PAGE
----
Courts have ordered a new election in the NC 9th District.

If you haven't followed the story, Mark Harris' campaign "helped" people with their absentee ballots and he won by 905 votes. The Evangelic Pastor said he knew nothing about any wrong doing until his son, a practicing NC Attorney, took the stand and revealed he warned his dad several times about ballot tampering going on.
If the senior Mr. Harris has even a shred of decency, he will not be a candidate for the special election, since the vote fraud occurred under his candidacy by his surrogate employee.

Something tells me though that he will again fail to set a good example for his grandchildren.:(
Personally, I think neither of the candidates should run for that office. But I don't have a vote as I am not in that district.

I thought that Obama was nominated prior to becoming president, but I was incorrect. He was nominated 11 days after becoming president. So therefore, his nomination was actually not based on anything he did as president (although the award for it came 10 months into his presidency). I think it was more symbolic than anything. "Obama overcame racism to become the first non-white president of the U.S. so he should be commemorated" kind of thing. Of course, that's not the reason given, but that's always the impression that I got of it.
I think that there are some categories of the Nobel Prize that still have meaning to them, especially the sciences.

Overall, I wonder if peace prize was created because of a obituary that was written in error titled "The Merchant of Death" or if it was because of a girl.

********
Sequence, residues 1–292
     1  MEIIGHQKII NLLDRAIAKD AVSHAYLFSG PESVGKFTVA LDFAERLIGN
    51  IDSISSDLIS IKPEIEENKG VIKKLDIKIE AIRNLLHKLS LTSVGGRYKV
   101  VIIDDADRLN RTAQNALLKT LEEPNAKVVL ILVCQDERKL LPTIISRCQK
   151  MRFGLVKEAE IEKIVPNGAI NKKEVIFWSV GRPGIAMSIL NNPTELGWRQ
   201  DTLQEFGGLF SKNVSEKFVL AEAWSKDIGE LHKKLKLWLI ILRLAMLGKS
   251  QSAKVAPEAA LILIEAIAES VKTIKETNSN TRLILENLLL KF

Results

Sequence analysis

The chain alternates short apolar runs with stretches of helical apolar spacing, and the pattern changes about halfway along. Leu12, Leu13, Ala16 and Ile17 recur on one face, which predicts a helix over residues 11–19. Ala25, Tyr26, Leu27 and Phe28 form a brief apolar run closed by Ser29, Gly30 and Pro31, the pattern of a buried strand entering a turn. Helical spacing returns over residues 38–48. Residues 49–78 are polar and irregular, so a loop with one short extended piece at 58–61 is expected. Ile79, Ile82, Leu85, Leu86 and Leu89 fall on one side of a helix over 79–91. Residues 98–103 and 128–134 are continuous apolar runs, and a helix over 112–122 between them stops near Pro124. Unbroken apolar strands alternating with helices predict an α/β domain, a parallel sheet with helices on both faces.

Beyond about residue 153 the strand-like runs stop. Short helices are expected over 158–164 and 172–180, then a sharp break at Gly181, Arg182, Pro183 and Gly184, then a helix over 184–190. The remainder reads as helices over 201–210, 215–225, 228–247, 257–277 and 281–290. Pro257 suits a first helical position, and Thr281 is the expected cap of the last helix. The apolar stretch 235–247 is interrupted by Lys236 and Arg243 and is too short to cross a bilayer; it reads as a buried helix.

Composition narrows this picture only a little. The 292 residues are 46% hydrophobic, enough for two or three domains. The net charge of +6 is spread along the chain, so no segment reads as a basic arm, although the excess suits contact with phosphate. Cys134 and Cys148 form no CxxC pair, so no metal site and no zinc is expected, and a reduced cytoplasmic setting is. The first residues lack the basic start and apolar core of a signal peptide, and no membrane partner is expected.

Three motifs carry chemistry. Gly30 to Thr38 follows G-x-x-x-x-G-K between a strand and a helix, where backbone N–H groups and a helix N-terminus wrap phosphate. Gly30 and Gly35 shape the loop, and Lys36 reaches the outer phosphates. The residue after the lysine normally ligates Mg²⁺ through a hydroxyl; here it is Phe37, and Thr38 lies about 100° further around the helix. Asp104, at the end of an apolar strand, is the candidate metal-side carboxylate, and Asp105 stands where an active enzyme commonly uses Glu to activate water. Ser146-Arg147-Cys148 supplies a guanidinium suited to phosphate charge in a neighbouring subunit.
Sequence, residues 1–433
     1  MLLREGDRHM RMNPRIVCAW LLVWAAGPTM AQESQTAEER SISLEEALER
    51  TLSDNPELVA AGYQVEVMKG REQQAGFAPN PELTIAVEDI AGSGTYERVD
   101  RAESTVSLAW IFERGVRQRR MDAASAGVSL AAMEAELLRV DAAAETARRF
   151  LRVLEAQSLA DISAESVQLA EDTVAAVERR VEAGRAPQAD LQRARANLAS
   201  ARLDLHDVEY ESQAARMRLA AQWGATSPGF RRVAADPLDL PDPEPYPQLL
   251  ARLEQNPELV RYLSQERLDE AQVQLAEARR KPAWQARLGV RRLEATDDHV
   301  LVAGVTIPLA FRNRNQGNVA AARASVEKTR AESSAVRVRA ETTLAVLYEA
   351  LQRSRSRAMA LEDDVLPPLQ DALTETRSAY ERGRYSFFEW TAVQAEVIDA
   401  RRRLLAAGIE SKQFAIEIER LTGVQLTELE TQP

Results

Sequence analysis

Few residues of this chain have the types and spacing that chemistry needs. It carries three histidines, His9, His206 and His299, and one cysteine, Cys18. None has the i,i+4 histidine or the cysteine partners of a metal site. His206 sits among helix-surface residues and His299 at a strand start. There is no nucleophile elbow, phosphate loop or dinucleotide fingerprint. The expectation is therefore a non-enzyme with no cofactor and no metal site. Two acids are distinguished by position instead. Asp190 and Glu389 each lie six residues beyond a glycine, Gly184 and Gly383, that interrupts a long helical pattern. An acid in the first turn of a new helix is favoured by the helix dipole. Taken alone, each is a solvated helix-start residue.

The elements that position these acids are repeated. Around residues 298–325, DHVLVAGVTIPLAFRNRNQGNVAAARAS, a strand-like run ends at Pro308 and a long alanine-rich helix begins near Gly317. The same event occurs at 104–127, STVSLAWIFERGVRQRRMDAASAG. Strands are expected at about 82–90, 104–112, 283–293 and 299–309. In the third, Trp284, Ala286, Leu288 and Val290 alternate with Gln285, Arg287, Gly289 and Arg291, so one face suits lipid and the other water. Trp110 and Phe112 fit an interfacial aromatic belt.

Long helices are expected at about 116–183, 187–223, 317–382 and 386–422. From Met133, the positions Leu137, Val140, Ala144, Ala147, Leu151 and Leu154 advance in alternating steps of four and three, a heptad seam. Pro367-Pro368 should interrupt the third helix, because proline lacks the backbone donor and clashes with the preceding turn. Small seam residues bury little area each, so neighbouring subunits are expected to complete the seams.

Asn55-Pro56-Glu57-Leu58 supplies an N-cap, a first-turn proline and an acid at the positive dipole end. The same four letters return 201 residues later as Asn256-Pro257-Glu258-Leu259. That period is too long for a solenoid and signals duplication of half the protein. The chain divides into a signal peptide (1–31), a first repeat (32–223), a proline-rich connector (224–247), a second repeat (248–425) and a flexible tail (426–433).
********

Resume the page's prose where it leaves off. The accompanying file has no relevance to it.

JNA

Cyburbian Plus
Messages
24,346
Points
46
Harris, an evangelical minister from Charlotte, admitted under oath that he was mistaken in his testimony earlier in the day. Harris blamed the error on a recent sepsis infection that he said caused two strokes and affected his memory.

Harris said the episode made him realize that he was not prepared for the “rigors” of the evidentiary hearing. He called for a new election, then promptly excused himself from the proceeding and walked out.
https://www.washingtonpost.com/politics/candidate-says-new-congressional-election-warranted-in-north-carolina/2019/02/21/acae4482-35e0-11e9-854a-7a14d7fec96a_story.html?utm_term=.70d9898a63e7


And he is qualified/capable to do the work of a Congressman ?
 

michaelskis

Cyburbian
Messages
19,062
Points
41
I have a question regarding the title of President. A local news organization made several references to "Former President" Obama when he was at the Duke UNC game this week.

I was once informed that that once you are President, your official title is always president, even if you are not currently in office. I didn't agree with many of Obama's political ideas or agendas, but I still think that he is due the respect that he earned.

Unfortunately, the same can be said of Trump...
 

Hink

OH....IO
Moderator
Messages
14,577
Points
37